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Friday, June 6, 2008

SP Setia employees band together for the environment

ONE hundred houses at SP Setia Ecopark have been installed with solar panels as part of a study to determine the feasibility of such energy sources.

SP Setia group managing director and chief executive officer Tan Sri Liew Kee Sin said the company had received a RM1mil grant from the government last year for the purpose.

In the lead: Liew (second from right) leading the 5km walk at SP Setia, Shah Alam.

“We have installed the system which comes with two meters to show the level of energy generated and the energy consumed.

“This is still experimental and we expect to put the system to use at the end of the year when the houses are completed,” he said.

Liew added that the move was part of the government’s environmental efforts.

Liew was speaking at a press conference after the company’s World Environment Day celebrations held at SP Setia, Shah Alam yesterday.

Themed CO2 Kick the Habit! Towards a Low Carbon Economy, the event saw staff from Johor, the Klang Valley, Penang and Ho Chi Minh City taking part in a 5km walk to raise public awareness on reducing carbon emissions and greenhouse gasses.

They later took a pledge to show respect and care for the environment and to contribute towards the development of a sustainable planet earth.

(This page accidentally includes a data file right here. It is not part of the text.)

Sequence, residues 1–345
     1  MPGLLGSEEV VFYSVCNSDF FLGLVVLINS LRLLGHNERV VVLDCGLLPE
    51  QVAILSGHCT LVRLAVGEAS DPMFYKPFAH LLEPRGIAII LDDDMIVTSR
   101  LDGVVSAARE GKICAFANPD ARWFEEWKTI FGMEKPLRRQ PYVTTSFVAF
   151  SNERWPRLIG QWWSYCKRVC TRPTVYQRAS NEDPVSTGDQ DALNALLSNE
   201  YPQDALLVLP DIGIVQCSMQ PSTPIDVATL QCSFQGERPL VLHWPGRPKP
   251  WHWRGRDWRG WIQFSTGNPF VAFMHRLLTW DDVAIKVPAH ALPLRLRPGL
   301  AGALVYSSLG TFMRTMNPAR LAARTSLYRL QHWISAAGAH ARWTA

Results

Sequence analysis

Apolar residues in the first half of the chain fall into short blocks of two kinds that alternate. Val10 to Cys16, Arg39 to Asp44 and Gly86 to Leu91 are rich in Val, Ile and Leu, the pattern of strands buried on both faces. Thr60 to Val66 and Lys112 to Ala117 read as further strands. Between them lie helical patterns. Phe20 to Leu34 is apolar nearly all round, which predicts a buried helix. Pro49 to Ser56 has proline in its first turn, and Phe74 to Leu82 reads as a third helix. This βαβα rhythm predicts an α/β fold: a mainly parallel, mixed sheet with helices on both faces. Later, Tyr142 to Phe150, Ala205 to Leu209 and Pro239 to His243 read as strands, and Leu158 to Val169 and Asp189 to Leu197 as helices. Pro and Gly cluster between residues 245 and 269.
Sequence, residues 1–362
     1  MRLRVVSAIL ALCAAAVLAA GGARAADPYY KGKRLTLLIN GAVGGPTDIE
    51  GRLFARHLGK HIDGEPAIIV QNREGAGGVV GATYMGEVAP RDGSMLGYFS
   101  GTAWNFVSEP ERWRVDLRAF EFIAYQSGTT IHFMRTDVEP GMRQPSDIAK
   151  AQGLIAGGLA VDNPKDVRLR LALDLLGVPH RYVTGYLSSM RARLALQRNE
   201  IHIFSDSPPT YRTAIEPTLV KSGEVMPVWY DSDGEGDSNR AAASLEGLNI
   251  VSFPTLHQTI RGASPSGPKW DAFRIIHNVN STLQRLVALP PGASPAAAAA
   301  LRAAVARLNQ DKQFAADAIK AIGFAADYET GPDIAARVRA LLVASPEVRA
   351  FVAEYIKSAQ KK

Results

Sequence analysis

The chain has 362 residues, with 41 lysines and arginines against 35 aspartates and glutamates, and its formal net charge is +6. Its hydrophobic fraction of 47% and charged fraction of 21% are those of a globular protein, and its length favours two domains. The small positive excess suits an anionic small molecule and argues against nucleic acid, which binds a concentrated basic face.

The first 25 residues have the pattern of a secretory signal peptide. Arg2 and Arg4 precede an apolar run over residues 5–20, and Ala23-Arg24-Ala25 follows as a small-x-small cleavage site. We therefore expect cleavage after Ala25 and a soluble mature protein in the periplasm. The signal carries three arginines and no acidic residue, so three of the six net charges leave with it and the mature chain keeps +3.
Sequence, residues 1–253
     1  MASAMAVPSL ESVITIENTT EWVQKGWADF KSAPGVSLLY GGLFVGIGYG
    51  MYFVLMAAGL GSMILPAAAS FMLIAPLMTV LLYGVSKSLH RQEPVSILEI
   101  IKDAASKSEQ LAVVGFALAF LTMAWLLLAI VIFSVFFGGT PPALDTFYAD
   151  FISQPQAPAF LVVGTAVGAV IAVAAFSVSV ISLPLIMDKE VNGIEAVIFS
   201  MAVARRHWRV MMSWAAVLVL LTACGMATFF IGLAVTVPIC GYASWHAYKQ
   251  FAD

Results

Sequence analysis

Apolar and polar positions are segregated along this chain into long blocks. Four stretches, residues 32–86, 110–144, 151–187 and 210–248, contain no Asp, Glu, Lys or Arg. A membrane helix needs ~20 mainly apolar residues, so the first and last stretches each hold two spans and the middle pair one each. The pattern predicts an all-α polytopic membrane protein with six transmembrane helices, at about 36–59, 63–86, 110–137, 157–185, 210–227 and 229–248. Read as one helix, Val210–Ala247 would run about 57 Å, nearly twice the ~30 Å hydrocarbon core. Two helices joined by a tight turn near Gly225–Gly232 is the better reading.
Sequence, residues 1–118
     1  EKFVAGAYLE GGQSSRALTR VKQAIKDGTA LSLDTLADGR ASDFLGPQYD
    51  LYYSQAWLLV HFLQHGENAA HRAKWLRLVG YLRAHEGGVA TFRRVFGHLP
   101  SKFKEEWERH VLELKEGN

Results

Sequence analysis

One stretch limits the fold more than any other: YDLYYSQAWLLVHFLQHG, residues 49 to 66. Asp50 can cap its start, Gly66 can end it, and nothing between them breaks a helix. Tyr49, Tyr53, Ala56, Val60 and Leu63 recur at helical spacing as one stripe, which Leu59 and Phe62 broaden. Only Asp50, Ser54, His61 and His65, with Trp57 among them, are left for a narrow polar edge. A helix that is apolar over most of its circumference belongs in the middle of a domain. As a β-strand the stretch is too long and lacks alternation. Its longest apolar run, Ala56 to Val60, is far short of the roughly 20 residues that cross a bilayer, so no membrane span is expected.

Liew also led his employees in planting 2,000 trees, which is estimated to remove 1,600 tonnes of carbon dioxide from the atmosphere.

Each employee was also given free plants to take home to green their surroundings.

He said the company had been incorporating ecology in its projects, which covered everything from the landscape to the layout of the development.

“Developers can play a crucial role to interact responsibly with the environment by building sustainable communities which balance economic growth and environmental protection,” Liew said.

The company had also shut down operations of all heavy machinery at all project sites for the day, to reduce air and dust pollution.

“This cost us RM1mil but we believe no cost is too great when it comes to helping to save the environment,” he said.

By The Star (by Salina Khalid)

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